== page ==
Beer and brawls before Beijing - a Vailite's Olympic stories from China's underground
Our new best friends in China

On our first night there, we helped one of the employees edit the English menu he’d been working on. Of the many items on the menu that we looked over, we got a chuckle out of donkey being on the menu. So naturally, on our second night (and subsequently on the third), we decided we had to give it a go. Little known fact, donkey is actually quite delicious! Then again, it was covered with so much spicy sauce that it tasted identical to the lamb and deer we also ordered.

The other great thing about this place was that it gave us our own special Olympic preview of China’s strength and shirtless determination to sporting excellence. Every night we found ourselves engrossed in shirtless competitions and feats of strength like arm-wrestling and push-up contests. Sadly, we were no match. And while I’m on the subject, I should note that Chinese men have a strange obsession with going shirtless. Even when they’re wearing their shirts, they seem to feel the need to air out their belly by pulling their shirt up below their armpits. It sounds strange, but after a few days, we decided ‘what the hell’ and joined right in. I have to say, hanging the belly out may look bad, but it feels so good!
Mmmmmm, donkey
On our second night, after eating donkey and drinking at this bar, we asked our new friends if they knew of anywhere to go dancing. So when the bar closed, we packed into a few cars and headed out on the town. Unfortunately, the dance club they took us to was closing down for the night. After being in Korea, a land where the bars never close, China surprised us with a very early closing bar scene. Unfazed, our new friends took us to the Chinese version of a Norae Bang (karaoke room). Soon, we were joined by nearly the rest of the restaurant’s male staff, including the owner.

Beer and brawls before Beijing - a Vailite's Olympic stories from China's underground
Courtney from Canada and Gillian from Scotland were the only two ladies in a room filled with sweaty, shirtless men.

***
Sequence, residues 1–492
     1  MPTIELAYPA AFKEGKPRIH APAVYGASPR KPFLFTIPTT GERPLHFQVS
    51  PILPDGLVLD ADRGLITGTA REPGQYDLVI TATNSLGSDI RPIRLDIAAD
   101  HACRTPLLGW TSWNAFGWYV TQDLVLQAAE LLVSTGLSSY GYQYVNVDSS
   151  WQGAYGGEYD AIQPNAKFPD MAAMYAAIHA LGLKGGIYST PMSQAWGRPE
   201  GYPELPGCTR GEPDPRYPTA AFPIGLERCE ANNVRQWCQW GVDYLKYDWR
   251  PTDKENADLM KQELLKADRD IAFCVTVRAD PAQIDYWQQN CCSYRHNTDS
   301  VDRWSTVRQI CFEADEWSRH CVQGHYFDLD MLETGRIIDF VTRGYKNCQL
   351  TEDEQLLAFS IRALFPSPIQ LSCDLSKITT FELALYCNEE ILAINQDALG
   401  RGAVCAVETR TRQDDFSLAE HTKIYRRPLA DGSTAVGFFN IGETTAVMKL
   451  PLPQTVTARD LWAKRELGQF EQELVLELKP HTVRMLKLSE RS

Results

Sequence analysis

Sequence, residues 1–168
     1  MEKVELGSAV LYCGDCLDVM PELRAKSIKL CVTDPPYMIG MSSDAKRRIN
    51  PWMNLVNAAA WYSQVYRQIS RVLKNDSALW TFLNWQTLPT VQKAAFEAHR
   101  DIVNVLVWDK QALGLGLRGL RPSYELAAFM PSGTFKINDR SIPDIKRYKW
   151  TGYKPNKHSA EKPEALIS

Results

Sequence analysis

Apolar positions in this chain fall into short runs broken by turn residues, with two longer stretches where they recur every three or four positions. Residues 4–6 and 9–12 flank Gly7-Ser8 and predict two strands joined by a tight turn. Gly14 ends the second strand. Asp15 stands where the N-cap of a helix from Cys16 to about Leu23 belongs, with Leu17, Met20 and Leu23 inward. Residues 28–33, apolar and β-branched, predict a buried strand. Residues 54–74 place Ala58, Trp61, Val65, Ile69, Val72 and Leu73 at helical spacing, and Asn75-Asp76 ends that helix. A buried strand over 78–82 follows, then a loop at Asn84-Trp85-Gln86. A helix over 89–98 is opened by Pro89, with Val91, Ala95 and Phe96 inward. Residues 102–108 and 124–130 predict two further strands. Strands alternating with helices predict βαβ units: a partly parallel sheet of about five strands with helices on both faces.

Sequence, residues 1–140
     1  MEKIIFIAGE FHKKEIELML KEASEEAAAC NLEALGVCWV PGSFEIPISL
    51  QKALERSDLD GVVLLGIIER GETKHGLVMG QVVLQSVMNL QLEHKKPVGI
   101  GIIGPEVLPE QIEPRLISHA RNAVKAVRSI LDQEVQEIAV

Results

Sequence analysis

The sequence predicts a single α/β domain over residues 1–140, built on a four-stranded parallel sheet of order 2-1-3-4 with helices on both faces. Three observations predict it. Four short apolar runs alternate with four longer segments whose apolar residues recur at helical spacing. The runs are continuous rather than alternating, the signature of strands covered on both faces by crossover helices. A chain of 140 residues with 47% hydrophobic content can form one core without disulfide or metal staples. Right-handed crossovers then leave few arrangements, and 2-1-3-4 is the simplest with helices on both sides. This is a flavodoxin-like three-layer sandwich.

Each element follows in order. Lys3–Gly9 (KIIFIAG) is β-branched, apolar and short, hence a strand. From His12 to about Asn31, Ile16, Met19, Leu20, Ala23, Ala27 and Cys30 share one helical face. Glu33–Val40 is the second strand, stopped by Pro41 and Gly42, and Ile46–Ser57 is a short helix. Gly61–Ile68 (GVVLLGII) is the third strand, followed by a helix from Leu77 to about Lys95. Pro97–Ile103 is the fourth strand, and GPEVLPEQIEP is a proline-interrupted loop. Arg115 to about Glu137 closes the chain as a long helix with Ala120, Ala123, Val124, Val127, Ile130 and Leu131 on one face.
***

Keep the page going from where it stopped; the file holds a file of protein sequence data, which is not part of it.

Of course, this night quickly erupted into debauchery with us joining in on the shirtless trend while belting out Western songs as our new buddies jammed out to the Chinese hits. It may be true that we didn’t visit a single museum or palace in China, but this night will be burned into my memory for far longer than any long-winded scenic tour.

The one “cultural” outing we did make while in China was our tour of the Tsingtao Brewery. After walking through a museum of the history of the brewery, we ended up in a beer sampling area. This wouldn’t really be worth noting (we did drink enough Tsingtao to make China re-think Communism, after all), except for the fact that we were then joined by a rather large group of Chinese tourists, many of whom had children with them. Still not really worth noting, until I mention that all of these children joined in on the beer sampling. I’m telling you, if you haven’t seen an eight-year old wandering around with a beer in one hand and a bag of nuts in the other, well you just haven’t lived my friend. I know it’s disturbing, but quite entertaining, I assure you. In fact, the only thing that could have provided me with bigger sense of shocked amusement would have been if a monkey knife-fight had broken out over a racist comment about proboscis monkeys being less smelly than macaques. DESC OF PHOTO

Later on, when they gave us a pitcher of beer to enjoy at the end of the tour, we were joined by a father and son at our table. The father looked proudly on as his small child gave a beer cheers to a Western dude, me. Capping off this strange foray into different cultural norms, I watched as a young boy slammed his beer down to empty and then as his mother refilled his glass from hers. To quote Homer Simpson, “To alcohol, the cause of, and solution to, all of life’s little problems!” Get used to that phrase kid, I think you’re gonna need it later on in life.